German chancellor Angela Merkel was seen shaking in public for the third time in just over three weeks, raising renewed fears about the state of her health.
Ms Merkel appeared to experience another trembling fit while receiving the Finnish prime minister Antti Rinne in Berlin on Wednesday.
She later said she was “very well” and there was “no need to worry”, blaming it on residual anxiety over a first bout of shaking on June 18. “It’ll go away one day just as it arrived,” she said.
Ulrike Demmer, Ms Merkel’s spokeswoman, said the chancellor had met Mr Rinne as planned and would appear at a press conference with him later. “The chancellor has kept all her appointments over the last three weeks and is in good form,” she said.
Video footage of the official reception for Mr Rinne showed Ms Merkel shaking as the German national anthem was played, although it appeared to be less serious than the first attack on June 18, which occurred when she received the new Ukrainian president Volodymyr Zelensky.
At the time she put it down to the heat — temperatures in Berlin were at nearly 40C — and dehydration. The weather in the capital was much cooler on Wednesday.
She was also seen to tremble during a swearing-in ceremony for Germany’s justice minister, Christine Lambrecht, on June 27. She clasped her arms to control the shaking, but rejected a glass of water offered to her by an official.
Asked about the state of her health on the sidelines of the G20 summit in Japan, she refused to say whether she had consulted a doctor about the trembling fits, saying only: “I have nothing special to report. I feel fine.”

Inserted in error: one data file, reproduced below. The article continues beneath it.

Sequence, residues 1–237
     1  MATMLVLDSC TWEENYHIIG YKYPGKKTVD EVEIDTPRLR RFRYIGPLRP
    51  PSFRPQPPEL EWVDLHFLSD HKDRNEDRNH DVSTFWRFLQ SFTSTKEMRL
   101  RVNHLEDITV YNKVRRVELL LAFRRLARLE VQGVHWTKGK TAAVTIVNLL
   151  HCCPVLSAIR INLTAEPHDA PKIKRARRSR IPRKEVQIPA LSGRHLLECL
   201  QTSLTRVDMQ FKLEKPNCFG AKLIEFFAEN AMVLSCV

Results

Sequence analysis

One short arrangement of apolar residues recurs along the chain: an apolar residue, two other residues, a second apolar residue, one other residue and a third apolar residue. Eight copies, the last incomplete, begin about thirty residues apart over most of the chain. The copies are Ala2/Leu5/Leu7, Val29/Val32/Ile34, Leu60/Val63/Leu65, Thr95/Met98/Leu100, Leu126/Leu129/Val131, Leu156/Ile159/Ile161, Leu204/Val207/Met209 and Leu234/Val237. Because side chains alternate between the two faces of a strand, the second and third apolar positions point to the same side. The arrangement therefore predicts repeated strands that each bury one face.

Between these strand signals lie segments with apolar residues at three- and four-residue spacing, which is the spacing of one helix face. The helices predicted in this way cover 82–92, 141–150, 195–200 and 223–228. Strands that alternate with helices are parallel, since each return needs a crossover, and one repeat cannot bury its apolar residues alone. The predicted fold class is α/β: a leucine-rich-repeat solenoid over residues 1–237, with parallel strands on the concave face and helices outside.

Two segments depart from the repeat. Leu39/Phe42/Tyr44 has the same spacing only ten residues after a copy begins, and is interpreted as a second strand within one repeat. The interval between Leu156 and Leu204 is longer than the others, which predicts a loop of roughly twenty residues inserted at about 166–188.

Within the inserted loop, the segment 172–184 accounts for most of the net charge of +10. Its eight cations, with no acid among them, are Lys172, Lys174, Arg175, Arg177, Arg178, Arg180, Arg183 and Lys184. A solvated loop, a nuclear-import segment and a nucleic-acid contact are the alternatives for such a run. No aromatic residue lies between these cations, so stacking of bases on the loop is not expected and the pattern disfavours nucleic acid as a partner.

Ms Merkel, a keen walker, has been chancellor since 2005 and has rarely suffered any illnesses while in office. If she remains in power until the end of the current parliament she will match the record set by Helmut Kohl, who was chancellor for 16 years.
However, she took the first step towards relinquishing power last year when she stood down as leader of the Christian Democratic Union after 18 years. She was succeeded by Annegret Kramp-Karrenbauer, a woman who is widely seen as her ideological heir.
Ms Merkel’s trembling fits over the past three weeks have made international headlines. But the Chancellery has been silent about the cause of the attacks.
Ms Demmer was peppered with questions by German reporters on Wednesday as to whether Ms Merkel would receive a medical examination, and why the government was refusing to provide any information on the state of her health. She said only that she had “nothing to add”.